Kinnel: That's right. Right now, large growth active managers are really under fire because so few have been beating the large growth indexes. So, it's really a tough time for them and you look at them and say, well, are they really adding value? And yet, if you step back and add in this further time period with that earlier bear market, you see that in fact quite a few actually have added quite a bit of value if you look at it on either a total return or a risk-adjusted basis. That earlier bear market was one of the all-time big meltdowns for large growth because we had so much tech speculation that it was kind of the textbook example of price risk. Even though many of those tech companies actually grew pretty well after that period, they were priced so high that they couldn't possibly live up to those expectations. And so, it's really an important time period for assessing growth managers.
Benz: OK. So, looking at the best performer over this specific time period on a raw return basis, that's Vanguard Capital Opportunity. We'll just say right off the bat that that fund is closed to new investors. But let's talk about what you think worked in its favor over this specific time period.
Kinnel: Yeah. So, I think, a couple of things worked in its favor. One is, it's a fundamental-driven growth process. And if you look at many of the leaders on this list, they are fundamental-driven, and by that, I mean, they don't just chase performance, they don't just chase momentum stocks. And that was obviously particularly important in that previous bear market, that the funds that really bought into all the dot-com hype got crushed. Those that stayed grounded to fundamentals, paid attention to valuation even though they are not super low valuations, came out much better. Vanguard Capital Opportunity's strategy is very much a one to counterpunch. That is, if growth stocks they like are getting beat down, they will buy then as opposed to buying after they've had a big rally and you see its total returns over that full time period nearly doubled the Vanguard Growth Index funds' returns.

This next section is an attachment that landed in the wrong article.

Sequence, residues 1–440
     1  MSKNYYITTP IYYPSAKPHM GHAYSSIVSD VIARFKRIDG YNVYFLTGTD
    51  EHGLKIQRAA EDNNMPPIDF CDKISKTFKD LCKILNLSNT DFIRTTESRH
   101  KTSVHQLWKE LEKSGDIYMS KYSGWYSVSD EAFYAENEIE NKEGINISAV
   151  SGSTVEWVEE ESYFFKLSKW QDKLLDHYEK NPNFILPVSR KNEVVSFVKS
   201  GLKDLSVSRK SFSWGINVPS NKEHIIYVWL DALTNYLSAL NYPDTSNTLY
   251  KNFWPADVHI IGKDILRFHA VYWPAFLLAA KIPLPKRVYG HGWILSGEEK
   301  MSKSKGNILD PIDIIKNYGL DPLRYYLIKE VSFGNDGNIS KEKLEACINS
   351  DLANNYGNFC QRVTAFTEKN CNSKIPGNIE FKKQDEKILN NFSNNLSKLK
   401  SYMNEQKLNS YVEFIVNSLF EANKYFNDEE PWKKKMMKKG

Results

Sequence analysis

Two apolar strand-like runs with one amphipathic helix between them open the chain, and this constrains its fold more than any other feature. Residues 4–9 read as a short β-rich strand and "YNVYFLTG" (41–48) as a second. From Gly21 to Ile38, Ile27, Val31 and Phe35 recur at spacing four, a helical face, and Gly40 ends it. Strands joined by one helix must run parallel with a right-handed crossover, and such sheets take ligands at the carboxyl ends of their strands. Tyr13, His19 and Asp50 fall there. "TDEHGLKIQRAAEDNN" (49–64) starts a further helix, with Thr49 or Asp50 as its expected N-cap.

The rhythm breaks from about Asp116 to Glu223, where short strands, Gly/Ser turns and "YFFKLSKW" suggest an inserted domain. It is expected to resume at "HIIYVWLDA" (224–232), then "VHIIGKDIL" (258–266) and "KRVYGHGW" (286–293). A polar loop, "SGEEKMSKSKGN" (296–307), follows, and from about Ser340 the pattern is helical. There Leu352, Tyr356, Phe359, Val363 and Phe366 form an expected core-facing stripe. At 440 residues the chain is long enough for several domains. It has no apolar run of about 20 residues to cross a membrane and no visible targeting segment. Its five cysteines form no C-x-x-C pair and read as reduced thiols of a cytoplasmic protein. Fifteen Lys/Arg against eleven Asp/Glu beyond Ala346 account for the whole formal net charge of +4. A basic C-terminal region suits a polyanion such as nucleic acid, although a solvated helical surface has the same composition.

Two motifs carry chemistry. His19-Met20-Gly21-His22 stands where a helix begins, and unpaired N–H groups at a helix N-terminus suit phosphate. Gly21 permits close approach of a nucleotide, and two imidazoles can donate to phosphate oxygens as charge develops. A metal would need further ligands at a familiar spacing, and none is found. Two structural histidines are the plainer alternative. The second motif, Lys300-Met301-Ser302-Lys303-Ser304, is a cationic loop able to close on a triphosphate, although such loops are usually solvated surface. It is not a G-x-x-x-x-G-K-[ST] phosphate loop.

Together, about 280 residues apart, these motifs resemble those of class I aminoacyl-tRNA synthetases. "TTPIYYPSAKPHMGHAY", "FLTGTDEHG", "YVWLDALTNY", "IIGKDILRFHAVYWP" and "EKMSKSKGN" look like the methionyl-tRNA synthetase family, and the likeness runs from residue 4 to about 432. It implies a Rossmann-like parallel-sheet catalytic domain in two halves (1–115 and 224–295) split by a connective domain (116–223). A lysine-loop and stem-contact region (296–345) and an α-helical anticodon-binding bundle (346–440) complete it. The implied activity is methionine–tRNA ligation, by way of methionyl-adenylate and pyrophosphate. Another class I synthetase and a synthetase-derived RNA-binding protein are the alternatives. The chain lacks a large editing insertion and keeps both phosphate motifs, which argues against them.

Benz: OK. So, this fund we mentioned is closed to new investors. Are there prime-cap managed funds that investors can buy at this date? I know a number of them have closed over the past years.
Kinnel: That's right. So, the funds they subadvise for Vanguard are all closed. But under the prime cap label, they still have PRIMECAP Odyssey Stock and Odyssey Growth are still open to new investors. And they are fairly comparable to Capital Opportunity. So, still worth a look.
Benz: OK. Within this research you also took a look at a statistic called Sortino ratio. So, you computed Sortino ratios for various funds and in various categories over this specific time period. Let's talk about what Sortino ratio is and what it does that, say, our star rating doesn't do.